US 4700209 A
The invention relates to an avalanche photodetector having a charge-multiplication region which is spatially separated from the detector surface. This photodetector includes a light-absorptive region, an active region overlying the absorptive region and having a central zone which has a greater concentration of conductivity modifiers than the remainder of the active region. A cap region overlies the first region, has the opposite conductivity type and extends a greater distance in the lateral direction than the central zone. The invention is also a method of forming this detector comprising the steps of forming a first region of the active region, embedding an excess concentration of conductivity modifiers into a portion thereof and then forming a second region of the active region on the first region. A cap region of opposite conductivity type is then formed over the active region. The cap region has a greater lateral extent than the portion containing the excess concentration of conductivity modifiers.
1. An avalanche photodetector comprising a semiconductor body, said body including:
a light absorptive region having a major surface;
an active region overlying said major surface and having a central zone therein;
a cap region overlying said active region over said central zone, said cap region having a lateral extent greater than that of said central zone; and
means for electrically contacting said semiconductor body;
said absorptive and active regions and said central zone having one conductivity type and said cap region having the opposite conductivity type;
said central zone having a greater concentration of first type conductivity modifiers than the remainder of said active region and being spaced apart from said absorptive and cap regions within said active region.
2. The photodetector of claim 1, wherein the areal concentration of conductivity modifiers in said central zone is between about 2 and 4×1012 /cm2.
3. The photodetector of claim 2, wherein said central zone is between about 0.1 and 0.3 micrometers thick.
4. The photodetector of claim 3, further comprising a substrate with said absorptive region overlying a surface of said substrate.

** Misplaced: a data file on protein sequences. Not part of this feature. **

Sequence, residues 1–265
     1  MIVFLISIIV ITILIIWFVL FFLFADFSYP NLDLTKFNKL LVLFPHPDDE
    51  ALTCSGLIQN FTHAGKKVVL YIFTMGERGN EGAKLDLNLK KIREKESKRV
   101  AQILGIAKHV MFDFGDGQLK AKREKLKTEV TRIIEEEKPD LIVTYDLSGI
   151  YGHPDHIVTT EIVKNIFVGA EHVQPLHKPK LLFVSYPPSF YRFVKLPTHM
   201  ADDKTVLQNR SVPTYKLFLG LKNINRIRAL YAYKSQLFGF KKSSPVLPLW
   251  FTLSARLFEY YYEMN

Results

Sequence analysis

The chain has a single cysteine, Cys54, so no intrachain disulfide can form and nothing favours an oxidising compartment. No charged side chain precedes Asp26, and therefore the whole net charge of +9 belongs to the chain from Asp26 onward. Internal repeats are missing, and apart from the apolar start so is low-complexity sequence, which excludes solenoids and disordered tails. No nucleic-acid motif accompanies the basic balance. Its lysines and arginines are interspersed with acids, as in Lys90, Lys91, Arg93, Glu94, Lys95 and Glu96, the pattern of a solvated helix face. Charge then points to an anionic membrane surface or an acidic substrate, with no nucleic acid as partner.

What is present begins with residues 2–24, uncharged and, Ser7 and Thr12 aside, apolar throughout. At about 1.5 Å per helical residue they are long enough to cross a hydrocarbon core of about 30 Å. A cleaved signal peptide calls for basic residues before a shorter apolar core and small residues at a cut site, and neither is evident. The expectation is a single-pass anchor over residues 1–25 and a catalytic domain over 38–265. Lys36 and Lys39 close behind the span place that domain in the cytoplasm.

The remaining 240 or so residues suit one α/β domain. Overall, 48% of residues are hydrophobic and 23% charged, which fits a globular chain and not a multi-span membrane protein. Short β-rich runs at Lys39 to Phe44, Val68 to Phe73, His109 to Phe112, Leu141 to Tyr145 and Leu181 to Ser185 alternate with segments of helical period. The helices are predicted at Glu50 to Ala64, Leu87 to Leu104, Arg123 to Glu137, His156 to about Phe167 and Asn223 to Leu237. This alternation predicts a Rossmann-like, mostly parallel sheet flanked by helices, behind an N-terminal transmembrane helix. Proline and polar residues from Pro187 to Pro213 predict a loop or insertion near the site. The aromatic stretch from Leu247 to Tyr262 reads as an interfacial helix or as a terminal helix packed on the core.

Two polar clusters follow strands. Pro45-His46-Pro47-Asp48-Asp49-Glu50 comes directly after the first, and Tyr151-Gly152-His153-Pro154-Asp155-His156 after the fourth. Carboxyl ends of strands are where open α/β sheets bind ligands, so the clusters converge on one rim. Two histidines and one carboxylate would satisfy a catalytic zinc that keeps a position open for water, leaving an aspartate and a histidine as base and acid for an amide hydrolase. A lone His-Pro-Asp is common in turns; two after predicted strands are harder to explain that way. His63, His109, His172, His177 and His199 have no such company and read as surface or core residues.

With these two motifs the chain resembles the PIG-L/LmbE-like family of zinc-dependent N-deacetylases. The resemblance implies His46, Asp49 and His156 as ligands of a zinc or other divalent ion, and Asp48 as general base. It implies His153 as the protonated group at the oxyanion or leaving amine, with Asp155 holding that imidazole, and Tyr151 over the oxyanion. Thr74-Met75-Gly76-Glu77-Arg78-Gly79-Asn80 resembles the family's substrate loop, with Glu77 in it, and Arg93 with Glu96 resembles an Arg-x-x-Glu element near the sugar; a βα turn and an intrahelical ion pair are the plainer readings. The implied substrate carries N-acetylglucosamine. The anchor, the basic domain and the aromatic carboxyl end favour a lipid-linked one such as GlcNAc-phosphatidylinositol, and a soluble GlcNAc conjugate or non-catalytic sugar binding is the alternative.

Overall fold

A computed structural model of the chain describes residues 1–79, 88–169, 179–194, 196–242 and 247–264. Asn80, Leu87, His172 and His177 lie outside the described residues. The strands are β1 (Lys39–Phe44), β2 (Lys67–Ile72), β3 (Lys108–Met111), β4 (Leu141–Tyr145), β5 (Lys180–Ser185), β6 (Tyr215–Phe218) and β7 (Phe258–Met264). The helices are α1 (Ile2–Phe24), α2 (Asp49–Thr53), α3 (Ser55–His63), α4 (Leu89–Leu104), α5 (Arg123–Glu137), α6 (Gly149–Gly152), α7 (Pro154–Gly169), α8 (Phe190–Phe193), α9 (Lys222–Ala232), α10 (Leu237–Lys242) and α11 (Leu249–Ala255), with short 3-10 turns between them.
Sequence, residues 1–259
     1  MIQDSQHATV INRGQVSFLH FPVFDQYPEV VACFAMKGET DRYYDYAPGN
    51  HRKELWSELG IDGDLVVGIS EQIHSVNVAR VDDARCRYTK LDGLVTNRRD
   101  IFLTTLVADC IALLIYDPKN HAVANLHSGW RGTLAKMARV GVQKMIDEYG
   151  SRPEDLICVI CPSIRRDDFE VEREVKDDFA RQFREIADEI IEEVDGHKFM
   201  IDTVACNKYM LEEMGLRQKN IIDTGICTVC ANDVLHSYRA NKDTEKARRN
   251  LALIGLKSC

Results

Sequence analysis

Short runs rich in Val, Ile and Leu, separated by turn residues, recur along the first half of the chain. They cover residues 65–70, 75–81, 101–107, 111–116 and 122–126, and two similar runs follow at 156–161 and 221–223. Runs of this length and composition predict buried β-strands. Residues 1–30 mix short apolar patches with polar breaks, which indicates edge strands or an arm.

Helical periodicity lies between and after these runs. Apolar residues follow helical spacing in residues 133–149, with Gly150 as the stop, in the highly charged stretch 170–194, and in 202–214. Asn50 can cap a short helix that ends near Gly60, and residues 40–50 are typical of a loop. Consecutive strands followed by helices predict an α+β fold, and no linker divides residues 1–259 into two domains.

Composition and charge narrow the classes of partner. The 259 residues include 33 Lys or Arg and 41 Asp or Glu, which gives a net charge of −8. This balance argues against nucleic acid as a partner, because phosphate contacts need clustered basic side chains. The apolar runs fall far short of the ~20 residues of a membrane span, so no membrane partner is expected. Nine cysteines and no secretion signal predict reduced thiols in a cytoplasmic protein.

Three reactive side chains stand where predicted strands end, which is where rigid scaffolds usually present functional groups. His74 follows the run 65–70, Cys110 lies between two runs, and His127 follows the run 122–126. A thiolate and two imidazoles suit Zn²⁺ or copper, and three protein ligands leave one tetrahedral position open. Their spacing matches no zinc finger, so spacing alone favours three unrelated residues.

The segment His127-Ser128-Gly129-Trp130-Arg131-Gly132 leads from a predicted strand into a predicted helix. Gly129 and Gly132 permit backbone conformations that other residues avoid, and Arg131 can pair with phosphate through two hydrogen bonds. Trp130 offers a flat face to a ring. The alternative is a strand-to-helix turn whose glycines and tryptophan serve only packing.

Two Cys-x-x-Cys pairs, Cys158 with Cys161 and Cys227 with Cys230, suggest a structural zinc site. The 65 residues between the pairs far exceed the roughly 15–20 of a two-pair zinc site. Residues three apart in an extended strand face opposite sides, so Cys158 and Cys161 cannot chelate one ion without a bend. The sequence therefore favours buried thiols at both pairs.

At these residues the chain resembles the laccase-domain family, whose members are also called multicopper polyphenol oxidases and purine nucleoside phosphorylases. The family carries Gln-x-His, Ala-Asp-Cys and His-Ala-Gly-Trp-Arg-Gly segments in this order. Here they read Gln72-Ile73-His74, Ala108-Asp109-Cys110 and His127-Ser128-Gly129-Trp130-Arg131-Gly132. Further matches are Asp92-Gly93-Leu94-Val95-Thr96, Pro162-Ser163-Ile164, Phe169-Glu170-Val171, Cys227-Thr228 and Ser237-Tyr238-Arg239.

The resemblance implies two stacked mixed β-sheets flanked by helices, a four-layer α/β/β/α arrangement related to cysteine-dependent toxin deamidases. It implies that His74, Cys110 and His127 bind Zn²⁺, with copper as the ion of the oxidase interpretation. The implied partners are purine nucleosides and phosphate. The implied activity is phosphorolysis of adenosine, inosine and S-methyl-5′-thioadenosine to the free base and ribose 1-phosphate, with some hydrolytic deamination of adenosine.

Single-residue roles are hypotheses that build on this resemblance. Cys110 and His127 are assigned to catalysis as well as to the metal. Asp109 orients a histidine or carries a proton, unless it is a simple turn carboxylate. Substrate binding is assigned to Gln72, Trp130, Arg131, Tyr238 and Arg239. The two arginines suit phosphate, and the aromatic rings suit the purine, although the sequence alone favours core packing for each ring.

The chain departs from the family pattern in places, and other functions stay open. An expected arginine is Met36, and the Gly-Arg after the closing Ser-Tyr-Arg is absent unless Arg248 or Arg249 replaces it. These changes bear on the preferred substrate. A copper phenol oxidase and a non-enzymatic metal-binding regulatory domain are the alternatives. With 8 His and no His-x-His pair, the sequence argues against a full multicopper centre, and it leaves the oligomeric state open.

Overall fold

5. The photodetector of claim 4, further comprising a buffer layer overlying said surface of said substrate and said absorptive overlying a surface of said buffer layer.
6. The photodetector of claim 3, wherein said substrate is composed of N-type InP, said absorptive region is composed of a ν-type material selected from a group consisting of In0.57 Ga0.43 As and Inx Ga1-x Asy P1-y alloys, said active region is composed of ν-type InP and said cap region is composed of P-type InP.
The governments of the United States of America and Canada have rights in this invention pursuant to Canadian Sub-contract No. 14SU70C33-81-R-0122 under Contract No. F19628-82-C-0038 awarded by the U.S. Department of the Air Force.
The invention relates to an avalanche photodetector having a reduced electric field at the periphery of the P-N junction and a method of making this detector.
Optical communication systems which operate in the wavelength range between about 1100 and 1700 nanometers (nm) are of potentially great importance because the dispersion and losses in an optical fiber are typically very low in this wavelength range. Heterojunction devices incorporating binary III-V alloys and solid solutions of these alloys have been found to be particularly useful for this application because their electronic bandgaps occur in this wavelength range and lattice-matched heterojunctions can be obtained by compositional variation. In particular ternary and quaternary alloys of InGaAsP on an InP substrate have been found to be useful materials for both light emitters and detectors.
Problems which affect the performance of avalanche photodetectors using these materials include bulk tunneling currents which occur at electric fields of the order of 1.5×105 V/cm in the ternary and quaternary compounds used for the light absorptive region, edge breakdown, and multiplication of surface leakage currents at the junction periphery. The tunneling has been reduced by locating the P-N junction with its high electric field in a wide bandgap material separated from the light absorptive region in the narrower bandgap material.